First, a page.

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Truth About Alzheimer's

Monday, October 7 2013 7:42 AM

Since there is no conclusive scientific proof at this time about what causes Alzheimer’s disease, it’s natural for people to come to their own conclusions. Here are a few of the more common “causes” that have surfaced recently in popular culture: 

•  Drinking out of aluminum cans
•  Cooking in aluminum pots
•  Using the artificial sweetener aspartame
•  Receiving flu shots and other vaccinations
•  Having amalgam dental fillings

There is no scientific proof linking any of these to Alzheimer’s disease.

Along with myths about causes, it’s important to be able to separate myth from fact regarding Alzheimer’s disease in general. Here are some of the most pervasive myths.

Myth: Memory issues are either: 1. an inevitable sign of aging, or 2. an inevitable sign of Alzheimer’s disease.

When it comes to memory issues, I often hear people chalk it up to aging, which minimizes its significance, or interpret any issue as a potential symptom of Alzheimer’s. To avoid either of these two extremes, it’s important to determine if the memory loss can be attributed to short-term or reversible reasons. Occasional, non-Alzheimer’s-related memory problems are normal and can happen for a variety of reasons such as stress, lack of sleep and medication side effects. Memory loss for those with Alzheimer’s is often more profound. It is not usual for a person with Alzheimer’s disease to lack the ability to drive or walk to a place they have known for a long time.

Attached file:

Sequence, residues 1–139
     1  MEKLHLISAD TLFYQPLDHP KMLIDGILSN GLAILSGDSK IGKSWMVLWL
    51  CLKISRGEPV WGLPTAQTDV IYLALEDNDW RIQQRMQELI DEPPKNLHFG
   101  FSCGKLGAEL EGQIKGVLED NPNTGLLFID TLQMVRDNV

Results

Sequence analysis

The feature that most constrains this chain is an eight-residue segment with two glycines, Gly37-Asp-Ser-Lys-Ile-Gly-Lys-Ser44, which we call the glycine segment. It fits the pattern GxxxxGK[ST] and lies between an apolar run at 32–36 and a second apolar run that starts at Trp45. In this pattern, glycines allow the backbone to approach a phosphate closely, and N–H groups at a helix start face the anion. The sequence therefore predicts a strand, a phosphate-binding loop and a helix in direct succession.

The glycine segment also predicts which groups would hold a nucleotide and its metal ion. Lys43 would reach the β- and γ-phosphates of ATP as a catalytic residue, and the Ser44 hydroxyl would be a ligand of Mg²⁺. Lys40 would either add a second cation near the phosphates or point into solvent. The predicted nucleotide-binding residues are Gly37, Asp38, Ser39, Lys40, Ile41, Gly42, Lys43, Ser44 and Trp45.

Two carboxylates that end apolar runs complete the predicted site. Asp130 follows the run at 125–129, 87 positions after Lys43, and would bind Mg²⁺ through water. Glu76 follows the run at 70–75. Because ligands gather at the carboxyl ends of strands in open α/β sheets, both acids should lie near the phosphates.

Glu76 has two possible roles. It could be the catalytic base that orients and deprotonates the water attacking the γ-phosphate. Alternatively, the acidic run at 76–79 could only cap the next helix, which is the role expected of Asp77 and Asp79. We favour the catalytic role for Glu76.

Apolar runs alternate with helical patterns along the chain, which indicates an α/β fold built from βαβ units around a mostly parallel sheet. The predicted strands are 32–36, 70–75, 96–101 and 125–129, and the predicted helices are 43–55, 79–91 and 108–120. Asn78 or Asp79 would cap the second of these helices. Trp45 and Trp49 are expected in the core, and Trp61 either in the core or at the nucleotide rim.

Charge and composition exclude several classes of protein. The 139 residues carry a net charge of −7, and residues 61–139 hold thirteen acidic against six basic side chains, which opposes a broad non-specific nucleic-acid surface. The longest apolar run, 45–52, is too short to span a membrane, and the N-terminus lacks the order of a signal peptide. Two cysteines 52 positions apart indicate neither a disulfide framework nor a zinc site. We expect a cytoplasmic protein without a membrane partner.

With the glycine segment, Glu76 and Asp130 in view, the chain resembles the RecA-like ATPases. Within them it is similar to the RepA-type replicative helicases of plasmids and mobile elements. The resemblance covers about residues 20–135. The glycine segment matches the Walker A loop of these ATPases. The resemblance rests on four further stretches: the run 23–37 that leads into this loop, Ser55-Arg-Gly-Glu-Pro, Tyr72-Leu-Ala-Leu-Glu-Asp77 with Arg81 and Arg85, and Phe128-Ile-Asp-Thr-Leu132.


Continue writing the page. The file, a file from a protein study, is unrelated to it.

Myth: Dementia is the same as Alzheimer’s disease

It is not unusual to hear dementia and Alzheimer’s used interchangeably, but they are not the same. Alzheimer’s is the most common form of dementia. Dementia is a more overarching term that refers to a group of symptoms that involve a loss of intellectual functions such as problem solving or recalling information.

Myth: Only older people can get Alzheimer’s

Many people associate this disease with older adults and believe it only affects persons who are over the age of 65; however, it can strike persons in their 30s, 40s and 50s. According to the Alzheimer’s Association, 200,000 people under the age 65 have younger-onset Alzheimer’s disease.

Myth: There are treatments to stop the progression of Alzheimer’s

Medications are only able to temporarily slow the progression of Alzheimer’s symptoms. There is no treatment to cure, delay or stop the progression of the disease. 

Click here to learn more about the myths of Alzheimer’s on the Alzheimer’s Association Web site.

By Michelle Kutner, CSW, MSW, CTRS
Specialty Service Consultant
Source: www.good-sam.com

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